Musings from a mixed domicile
So, what is it about a spouse or boyfriend that turns them into a master of sabotage when you decide to make your diet healthier or lose weight? Really?
I was a vegetarian when I first hooked up with—let's call him, Jim. And, that was okay with him, the carnivore. We had agreed that at home, we'd eat vegetarian and when we ate out, of course, it was just fine if he ate critters. You can guess that we ate out a lot. But, basically, for years, that rule worked for us rather well. I wasn't militant—and being an ovo-lacto vegetarian helped—and he didn't complain, especially if I was doing the cooking—and as the years worn on, that was all the time.
In the meantime, he accepted a job so he wasn't working from home anymore and he began going to an office every day. Gradually, things started to change; mostly, his attitudes. Was it just that we were so long at being a couple that he didn't feel he needed to compromise anymore, or had being around different people for lunch everyday changed him? I mean, they are a bunch of well, "regular" people. You know those who still think granola bars are health food, bagels and French fries are one of the main food groups, pizza is religion and watching your diet means getting a diet soda instead of one with sugar. Did I mention most of them are also diabetic?
So, somewhere at about the tenth-anniversary mark, he started complaining –loudly—about the lack of "protein" in "our" diet. Now, this is a man who had meat in his sandwich every day for lunch and often stopped for a breakfast burrito with meat in the mornings on the way to work. But, now all of a sudden, if we didn't have a dead critter on our plate for dinner, he didn't think it was dinner—or that he was getting enough protein. When I tried to explain that the guidelines he so faithfully recited were 40 years old and had been suggested by the beef industry, he accused me of being a revolutionary and touting a conspiracy theory agenda. It didn't matter to him that I had gotten paid to write about nutrition and sustainable food issues or that I'd read almost everything written on the topics. He stubbornly clung to the old wives' tales and cultural dietary rules that he had grown up with and learned as a kid.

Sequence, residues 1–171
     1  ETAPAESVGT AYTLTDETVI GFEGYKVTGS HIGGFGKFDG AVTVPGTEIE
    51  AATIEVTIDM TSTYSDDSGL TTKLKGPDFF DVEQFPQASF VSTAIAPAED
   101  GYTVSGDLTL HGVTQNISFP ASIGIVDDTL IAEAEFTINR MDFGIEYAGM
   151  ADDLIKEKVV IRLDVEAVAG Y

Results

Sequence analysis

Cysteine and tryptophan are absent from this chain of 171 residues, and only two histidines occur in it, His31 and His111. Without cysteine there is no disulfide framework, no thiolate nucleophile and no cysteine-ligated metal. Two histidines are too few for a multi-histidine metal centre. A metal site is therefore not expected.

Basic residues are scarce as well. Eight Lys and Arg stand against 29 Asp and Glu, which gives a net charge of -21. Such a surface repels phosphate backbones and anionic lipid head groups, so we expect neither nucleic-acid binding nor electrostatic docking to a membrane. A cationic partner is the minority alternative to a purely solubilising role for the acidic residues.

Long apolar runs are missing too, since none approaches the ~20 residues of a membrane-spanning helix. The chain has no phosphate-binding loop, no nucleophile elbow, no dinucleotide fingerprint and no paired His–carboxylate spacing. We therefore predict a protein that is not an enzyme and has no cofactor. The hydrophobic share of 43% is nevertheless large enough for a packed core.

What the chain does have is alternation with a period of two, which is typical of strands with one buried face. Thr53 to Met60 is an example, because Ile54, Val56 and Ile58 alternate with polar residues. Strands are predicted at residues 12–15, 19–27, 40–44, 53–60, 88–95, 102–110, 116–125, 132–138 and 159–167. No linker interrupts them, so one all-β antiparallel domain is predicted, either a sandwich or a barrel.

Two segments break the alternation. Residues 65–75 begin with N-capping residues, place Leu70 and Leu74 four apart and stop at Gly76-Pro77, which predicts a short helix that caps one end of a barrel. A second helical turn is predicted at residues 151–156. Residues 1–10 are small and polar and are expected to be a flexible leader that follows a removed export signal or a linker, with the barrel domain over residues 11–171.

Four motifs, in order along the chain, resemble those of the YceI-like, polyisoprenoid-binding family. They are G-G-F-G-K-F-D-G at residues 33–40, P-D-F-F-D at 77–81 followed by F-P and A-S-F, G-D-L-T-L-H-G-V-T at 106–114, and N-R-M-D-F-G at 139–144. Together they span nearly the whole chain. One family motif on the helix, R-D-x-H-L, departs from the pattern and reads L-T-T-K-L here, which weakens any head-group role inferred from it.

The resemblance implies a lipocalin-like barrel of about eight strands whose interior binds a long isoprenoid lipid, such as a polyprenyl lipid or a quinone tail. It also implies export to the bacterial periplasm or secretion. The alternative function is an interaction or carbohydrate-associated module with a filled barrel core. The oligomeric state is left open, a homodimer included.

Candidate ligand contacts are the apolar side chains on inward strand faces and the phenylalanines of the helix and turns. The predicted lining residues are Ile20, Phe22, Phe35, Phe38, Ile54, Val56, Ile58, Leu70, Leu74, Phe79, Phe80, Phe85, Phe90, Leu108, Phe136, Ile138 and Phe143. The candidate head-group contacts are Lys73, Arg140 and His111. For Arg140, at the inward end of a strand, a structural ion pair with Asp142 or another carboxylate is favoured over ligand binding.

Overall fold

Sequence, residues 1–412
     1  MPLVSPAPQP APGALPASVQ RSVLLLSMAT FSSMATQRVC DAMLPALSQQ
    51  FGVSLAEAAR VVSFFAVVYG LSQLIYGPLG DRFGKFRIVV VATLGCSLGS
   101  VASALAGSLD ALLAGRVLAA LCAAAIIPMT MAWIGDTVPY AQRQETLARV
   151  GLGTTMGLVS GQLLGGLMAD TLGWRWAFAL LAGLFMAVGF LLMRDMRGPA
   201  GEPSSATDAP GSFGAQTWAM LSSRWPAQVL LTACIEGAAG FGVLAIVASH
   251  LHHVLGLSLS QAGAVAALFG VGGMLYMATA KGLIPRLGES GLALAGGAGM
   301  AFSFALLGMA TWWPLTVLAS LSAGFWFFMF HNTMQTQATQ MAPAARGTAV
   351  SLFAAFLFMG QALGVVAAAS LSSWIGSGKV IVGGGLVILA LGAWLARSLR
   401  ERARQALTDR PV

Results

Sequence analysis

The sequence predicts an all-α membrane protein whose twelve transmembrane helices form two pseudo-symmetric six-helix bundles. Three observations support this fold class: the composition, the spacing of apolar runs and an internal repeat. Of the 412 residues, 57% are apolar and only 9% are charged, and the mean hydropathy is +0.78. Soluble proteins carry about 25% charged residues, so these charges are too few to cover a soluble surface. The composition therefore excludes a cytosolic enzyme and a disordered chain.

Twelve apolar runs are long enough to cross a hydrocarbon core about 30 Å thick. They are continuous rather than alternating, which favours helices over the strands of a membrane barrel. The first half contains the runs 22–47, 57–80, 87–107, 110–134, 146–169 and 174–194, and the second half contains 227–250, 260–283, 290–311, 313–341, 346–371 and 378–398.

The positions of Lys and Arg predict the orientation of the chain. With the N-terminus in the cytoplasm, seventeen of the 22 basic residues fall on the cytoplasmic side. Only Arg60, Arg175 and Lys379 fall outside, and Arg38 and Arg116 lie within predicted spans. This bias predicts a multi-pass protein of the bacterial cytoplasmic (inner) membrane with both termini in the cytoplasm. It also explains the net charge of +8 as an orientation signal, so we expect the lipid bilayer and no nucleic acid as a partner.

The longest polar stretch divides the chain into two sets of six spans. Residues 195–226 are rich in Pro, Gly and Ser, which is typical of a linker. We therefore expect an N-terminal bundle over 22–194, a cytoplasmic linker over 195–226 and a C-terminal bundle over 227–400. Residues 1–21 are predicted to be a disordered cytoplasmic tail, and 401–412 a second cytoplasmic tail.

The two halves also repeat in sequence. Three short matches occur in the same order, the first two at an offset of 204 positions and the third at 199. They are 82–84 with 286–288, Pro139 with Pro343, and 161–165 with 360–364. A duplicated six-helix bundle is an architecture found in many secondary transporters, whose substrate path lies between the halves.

Well, I don't enjoy arguing or unrelenting confrontation, so I did what most women my age do—after several years of nagging, I caved in. I couldn't eat red meat because I had lost the enzyme that made digestion possible, but I started making chicken or seafood several times each week. It had also become prohibitive financially to make two dinners each night—although, it would've been better on the budget if Jim had switched to a vegetarian diet. Dinner time was now more peaceful but not on the inside of me. I didn't complain when my digestive track came to a screeching halt or I had no energy. I didn't mention the hungry kids in China when I left more than half of my portion of dead critters on my plate. (The dogs were really happy about that!) Then, all of a sudden, I had symptoms of reflux that had previously just been Jim's problem. I had also developed high cholesterol, which was also something new. And, I was told that I was at the beginning of heart disease. In just two or three years, I'd caught up with him on the number of daily medications I now needed to take. And, I felt lousy. I had no energy. I had gained a lot of weight.
When I came out of the cardiologist's office that day, I announced I was going back to my former vegetarian lifestyle. Jim rolled his eyes and told me that my new plethora of health problems had nothing to do with my diet but rather family history and age. Happy birthday. It was just a "coincidence." Coming from a man who doesn't believe in coincidence, I translated this as fear that there'd be tofu on his plate now instead of dead critters. (Tofu used to be fine with him.)
So, I quietly changed my diet back not only to just veggies—but vegetarian with a vengeance. I did get militant—but only with myself. I strive to be a fat-free, gluten-free vegan. Try doing that and living with someone who thinks that ordering a pizza with no cheese (as opposed to extra cheese) is one of the seven deadly sins. (You guessed it; gluten is the one thing I WILL compromise on sometimes.) I've lost some weight, although not enough yet, and most of my energy is back. I've also discovered that when I'm gluten-free, all of my reflux symptoms disappear and so does my "chronic" cough.
It's actually easier now making two dinners, since most of my diet is raw or near-raw. I've subscribed for a share in a Community Supported Agriculture project (CSA) and have plenty of organic fresh choices for balanced salads, which I eat daily.
But, the battle isn't won yet. The other day, he had a business day trip to a town several hours away that has a really good bakery. You guessed it, he brought home glazed doughnuts and apple fritters. I've never eaten these anyway, but he announced they were for "both" of us. "After all," Jim summed it up, "that's why we work out, so we can eat this stuff." Now, it's my turn to roll my eyes.